Triggered marketing — the practice of basing a marketing communication’s content, timing, and delivery medium on measureable events relevant to the consumer — has been around for some time. Despite that, “less than 20% of marketing organizations today,” are doing it correctly, according to Adam Sarner, Research VP at Gartner. If triggered marketing were a marginally valuable tactic, then its weak embrace by channel organizations could be perceived as warranted. To the contrary, virtually every statistic I run across shows that triggered marketing’s payoff is well worth the investment.
Why is triggered marketing important for brands selling in the channel dynamic?
If it is powerful, then why is it underutilized by channel organizations?
In short, it’s because triggered marketing requires integrated systems that take advantage of in-depth customer data. For traditional email or direct mail, you buy a list, develop a few templates for the communications, batch them, and blast them out. To apply triggered marketing to email and direct mail, you need a minimum of the following:
The underutilization of triggered marketing is also part of a larger problem; brands that sell through channel partners have a hard time managing the communications lifecycle with customers because customer data is owned and controlled by those channel partners. Despite the fact that partners can benefit greatly from applying brand level resources to their local customer data, access to that data is often tightly held, as partners sometimes fear brands will circumvent them if given direct access to customers. The brand must extend the olive branch to get access to data, that when used in triggered communications, will increase brand and channel partner revenue.
To gain access to partner data, brands must do the following:
Brands can learn a lot collaborating with their partners and the right vendor to execute triggered marketing. Brand creative departments have to think of all events that are relevant (on which to base triggered communications) in the context of the relationship between brand and consumer, experienced vendors should also be able to consult on this.
There are four event categories businesses can tap:
1. Fixed or Transactional Events: Predicable and or reoccurring events based on fixed customer information or normal transactional behavior. Event examples are birthdays, customer onboarding, service renewal dates, etc.
2. Behavioral Events: Actions or inactions a customer takes to further engage or disengage with a business. Event examples are account activity, web form submittal or give up, shopping cart abandonment, etc.
3. Environmental Events: Changes in external factors that can make a customer more aware of a particular offer. Event examples are weather, public health, legislation, and social inertia or consciousness changes.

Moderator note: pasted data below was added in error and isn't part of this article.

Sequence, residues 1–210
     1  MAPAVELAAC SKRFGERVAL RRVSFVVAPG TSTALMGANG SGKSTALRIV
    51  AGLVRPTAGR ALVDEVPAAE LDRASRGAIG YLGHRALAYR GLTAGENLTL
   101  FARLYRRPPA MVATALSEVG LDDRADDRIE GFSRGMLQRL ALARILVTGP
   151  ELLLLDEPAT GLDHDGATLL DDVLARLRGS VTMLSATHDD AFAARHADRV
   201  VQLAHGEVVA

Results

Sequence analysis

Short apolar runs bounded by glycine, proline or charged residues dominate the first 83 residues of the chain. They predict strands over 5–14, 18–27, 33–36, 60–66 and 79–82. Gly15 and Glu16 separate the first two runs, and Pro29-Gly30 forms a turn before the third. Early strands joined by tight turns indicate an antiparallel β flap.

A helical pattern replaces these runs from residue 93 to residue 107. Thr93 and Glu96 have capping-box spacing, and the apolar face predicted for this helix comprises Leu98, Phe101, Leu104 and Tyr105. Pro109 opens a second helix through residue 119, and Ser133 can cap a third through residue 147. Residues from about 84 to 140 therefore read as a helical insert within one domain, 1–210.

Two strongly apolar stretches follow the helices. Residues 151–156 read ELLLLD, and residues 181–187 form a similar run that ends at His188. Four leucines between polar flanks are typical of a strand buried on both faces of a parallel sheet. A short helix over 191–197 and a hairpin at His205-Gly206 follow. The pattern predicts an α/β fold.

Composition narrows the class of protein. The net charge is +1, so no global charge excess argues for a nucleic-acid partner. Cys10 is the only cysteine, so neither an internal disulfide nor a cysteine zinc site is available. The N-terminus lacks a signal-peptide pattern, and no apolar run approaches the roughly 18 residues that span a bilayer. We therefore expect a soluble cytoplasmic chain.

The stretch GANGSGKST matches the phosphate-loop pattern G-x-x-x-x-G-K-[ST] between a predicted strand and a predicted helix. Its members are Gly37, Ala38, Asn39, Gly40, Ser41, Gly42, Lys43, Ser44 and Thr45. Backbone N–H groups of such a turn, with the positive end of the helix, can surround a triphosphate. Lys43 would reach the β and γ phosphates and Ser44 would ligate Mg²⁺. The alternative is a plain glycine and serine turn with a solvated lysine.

4. Behavior Shift Events: A big event that will change a customer’s relationship with a brand. Event examples include moving, pregnancy, buying a car, etc.
Creative marketing departments for large brands will discover the events that are relevant to customers, and which of those events make most sense for brands to address in the context of their relationship with those customers. The execution of the email or direct mail campaigns to deliver that clever, relevant, and timely messaging can be done in-house or through the vendor relationship I discussed above. If a vendor is sought, they should have experience executing triggered communications within the channel dynamic.
Local marketing automation does not equal local marketing standardization. Triggered marketing done correctly helps channel partners be even better at what they are best at: Providing that personal touch. The task for the brand is automating personalization at scale for their channel partners; triggered email and direct mail are indispensable tools for doing just that.
Jared Shusterman is Managing Partner and CEO at SproutLoud Media Networks. In 2005, as a recent graduate of the McIntire School at the University of Virginia, and working for investment banking practice Thomas Weisel Partners, Shusterman moved to Miami to start SproutLoud before the pressures of fatherhood and a mortgage could scare him out of entrepreneurship. Always looking for something new to learn, he’s recently started Spanish lessons and is currently an MBA-candidate with Kellogg School of Business at Northwestern University. He’s an aspiring pilot with a fear of flying (weird) and likes any spicy food that makes him cry (same goes for chick-flicks). Shusterman was honored as a Top 40 Under 40 Entrepreneur in 2010 by South Florida Business Journal, and a top 50 Entrepreneur in 2012 by Business Leader Magazine.